Of Mice and Men
by John Steinbeck
Where It All Goes Down
A small working ranch in the Salinas Valley of northern California, sometime during the 1930s.
This is no sprawling, Dickensian novel with multiple plots and characters moving all over London. The setting is almost as small and confined as the plot; it occurs over a period of three days in four specific locations: a wooded area next to the Salinas River, a bunkhouse on the ranch, the stable hand's room on the ranch, and the main barn on the ranch. In fact, it's so tightly constructed that it could easily be a play. (Check out "Symbols: Morality Play" for more on the way Of Mice and Men might be like a play.)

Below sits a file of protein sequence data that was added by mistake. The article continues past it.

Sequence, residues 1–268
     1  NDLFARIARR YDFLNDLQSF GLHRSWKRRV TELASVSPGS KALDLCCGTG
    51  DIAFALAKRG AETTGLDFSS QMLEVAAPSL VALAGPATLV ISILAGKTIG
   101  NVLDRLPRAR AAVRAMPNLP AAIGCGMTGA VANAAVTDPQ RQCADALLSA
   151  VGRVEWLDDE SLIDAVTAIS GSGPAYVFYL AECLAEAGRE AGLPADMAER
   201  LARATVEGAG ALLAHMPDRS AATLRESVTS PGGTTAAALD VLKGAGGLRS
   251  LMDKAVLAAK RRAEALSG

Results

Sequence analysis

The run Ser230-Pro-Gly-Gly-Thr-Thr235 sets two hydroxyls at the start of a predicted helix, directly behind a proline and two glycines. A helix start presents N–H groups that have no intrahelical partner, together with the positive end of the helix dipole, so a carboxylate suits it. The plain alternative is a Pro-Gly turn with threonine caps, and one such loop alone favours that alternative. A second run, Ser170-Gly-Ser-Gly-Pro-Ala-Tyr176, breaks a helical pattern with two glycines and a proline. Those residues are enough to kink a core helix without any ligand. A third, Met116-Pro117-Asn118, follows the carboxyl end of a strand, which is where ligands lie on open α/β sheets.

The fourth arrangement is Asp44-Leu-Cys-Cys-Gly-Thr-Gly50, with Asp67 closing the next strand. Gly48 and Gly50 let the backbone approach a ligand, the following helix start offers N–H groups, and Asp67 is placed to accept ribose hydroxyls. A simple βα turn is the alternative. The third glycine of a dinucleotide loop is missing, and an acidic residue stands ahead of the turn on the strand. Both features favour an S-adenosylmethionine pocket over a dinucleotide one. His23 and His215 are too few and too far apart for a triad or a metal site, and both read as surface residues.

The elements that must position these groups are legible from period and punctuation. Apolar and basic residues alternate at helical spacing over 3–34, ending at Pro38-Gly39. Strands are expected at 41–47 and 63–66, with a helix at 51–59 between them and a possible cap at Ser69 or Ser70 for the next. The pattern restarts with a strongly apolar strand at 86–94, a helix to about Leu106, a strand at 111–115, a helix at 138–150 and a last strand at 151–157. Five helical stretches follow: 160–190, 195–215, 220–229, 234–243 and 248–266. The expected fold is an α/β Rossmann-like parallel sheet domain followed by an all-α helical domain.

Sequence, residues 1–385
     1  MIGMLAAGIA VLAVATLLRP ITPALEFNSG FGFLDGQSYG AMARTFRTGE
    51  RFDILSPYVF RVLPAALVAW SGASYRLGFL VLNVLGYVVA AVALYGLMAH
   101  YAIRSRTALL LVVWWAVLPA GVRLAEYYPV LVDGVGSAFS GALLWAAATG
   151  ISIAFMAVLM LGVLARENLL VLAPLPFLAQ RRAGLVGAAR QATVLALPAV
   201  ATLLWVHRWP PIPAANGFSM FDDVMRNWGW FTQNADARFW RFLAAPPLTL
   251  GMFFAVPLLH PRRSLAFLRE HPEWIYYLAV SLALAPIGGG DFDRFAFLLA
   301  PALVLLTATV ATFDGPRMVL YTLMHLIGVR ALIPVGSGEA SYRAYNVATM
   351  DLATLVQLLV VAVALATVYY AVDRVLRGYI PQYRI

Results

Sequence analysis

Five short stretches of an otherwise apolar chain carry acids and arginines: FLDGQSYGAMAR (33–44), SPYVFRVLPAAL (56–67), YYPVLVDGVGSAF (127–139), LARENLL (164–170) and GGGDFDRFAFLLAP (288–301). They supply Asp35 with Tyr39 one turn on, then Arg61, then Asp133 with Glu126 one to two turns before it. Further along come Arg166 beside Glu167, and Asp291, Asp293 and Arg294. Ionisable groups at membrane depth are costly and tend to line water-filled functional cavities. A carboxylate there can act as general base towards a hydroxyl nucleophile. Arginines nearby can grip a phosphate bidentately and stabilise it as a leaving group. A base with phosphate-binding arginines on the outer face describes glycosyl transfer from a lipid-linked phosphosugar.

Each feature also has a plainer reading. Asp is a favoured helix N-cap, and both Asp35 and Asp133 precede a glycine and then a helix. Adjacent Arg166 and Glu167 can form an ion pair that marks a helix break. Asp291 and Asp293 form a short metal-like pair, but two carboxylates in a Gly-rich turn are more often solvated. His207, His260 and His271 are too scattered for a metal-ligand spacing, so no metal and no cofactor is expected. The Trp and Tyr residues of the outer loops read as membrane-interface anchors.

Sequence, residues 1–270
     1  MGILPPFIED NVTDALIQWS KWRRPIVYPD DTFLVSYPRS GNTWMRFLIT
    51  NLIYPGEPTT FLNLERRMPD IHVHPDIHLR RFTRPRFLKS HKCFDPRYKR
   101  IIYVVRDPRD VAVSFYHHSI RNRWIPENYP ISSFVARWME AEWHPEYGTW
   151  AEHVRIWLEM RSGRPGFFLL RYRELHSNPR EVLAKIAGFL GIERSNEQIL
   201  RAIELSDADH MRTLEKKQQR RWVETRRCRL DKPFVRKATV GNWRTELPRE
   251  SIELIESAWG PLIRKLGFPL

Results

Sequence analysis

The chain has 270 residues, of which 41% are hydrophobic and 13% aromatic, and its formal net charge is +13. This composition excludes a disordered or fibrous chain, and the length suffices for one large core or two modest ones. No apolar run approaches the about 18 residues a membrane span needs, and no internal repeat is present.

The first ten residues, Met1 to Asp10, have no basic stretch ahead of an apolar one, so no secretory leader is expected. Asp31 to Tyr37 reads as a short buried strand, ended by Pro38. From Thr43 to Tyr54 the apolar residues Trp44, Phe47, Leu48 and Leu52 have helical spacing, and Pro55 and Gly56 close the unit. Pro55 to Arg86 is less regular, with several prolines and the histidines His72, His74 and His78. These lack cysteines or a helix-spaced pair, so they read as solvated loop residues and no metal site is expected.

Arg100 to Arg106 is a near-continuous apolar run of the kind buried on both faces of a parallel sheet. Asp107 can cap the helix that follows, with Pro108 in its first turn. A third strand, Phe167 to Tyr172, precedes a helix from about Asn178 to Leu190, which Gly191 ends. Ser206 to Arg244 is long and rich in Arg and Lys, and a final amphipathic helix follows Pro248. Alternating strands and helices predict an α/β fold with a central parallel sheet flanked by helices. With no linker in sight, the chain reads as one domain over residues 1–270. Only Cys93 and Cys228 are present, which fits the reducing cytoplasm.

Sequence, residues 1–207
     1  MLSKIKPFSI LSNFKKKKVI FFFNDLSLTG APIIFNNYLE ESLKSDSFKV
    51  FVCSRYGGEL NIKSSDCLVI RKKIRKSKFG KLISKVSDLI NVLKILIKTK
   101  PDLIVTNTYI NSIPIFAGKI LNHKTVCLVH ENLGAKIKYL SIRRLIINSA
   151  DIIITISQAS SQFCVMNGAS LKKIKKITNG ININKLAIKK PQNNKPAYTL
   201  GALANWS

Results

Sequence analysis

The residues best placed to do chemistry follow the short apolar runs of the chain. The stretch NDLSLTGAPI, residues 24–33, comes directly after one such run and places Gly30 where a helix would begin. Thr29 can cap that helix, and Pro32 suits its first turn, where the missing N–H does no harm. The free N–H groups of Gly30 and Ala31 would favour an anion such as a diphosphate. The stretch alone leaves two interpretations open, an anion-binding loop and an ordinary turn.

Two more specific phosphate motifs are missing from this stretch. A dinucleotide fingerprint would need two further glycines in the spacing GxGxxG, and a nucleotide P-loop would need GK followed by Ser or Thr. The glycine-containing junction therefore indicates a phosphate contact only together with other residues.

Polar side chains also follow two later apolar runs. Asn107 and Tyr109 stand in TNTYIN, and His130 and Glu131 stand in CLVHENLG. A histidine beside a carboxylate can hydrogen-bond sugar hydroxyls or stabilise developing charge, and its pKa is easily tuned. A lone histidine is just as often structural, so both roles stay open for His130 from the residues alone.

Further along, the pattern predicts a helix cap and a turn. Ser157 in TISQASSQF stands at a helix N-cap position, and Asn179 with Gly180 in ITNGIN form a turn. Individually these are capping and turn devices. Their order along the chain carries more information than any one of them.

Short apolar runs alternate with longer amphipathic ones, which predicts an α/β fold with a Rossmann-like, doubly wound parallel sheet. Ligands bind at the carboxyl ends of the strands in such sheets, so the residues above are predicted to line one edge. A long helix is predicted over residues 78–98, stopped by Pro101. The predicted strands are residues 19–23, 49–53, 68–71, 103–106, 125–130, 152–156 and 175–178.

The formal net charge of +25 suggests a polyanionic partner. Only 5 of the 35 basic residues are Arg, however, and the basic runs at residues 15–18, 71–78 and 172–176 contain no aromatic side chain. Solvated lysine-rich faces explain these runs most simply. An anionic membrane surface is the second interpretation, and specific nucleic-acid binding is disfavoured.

But there is a larger background to the novel's setting: the Great Depression, which left people all over the country (especially men) poor and desperate for work. This poverty makes the characters suspicious and distrustful: there literally isn't enough to go around. Against this backdrop of suspicion and isolation, Lennie and George's friendship seems even more remarkable—and even more doomed.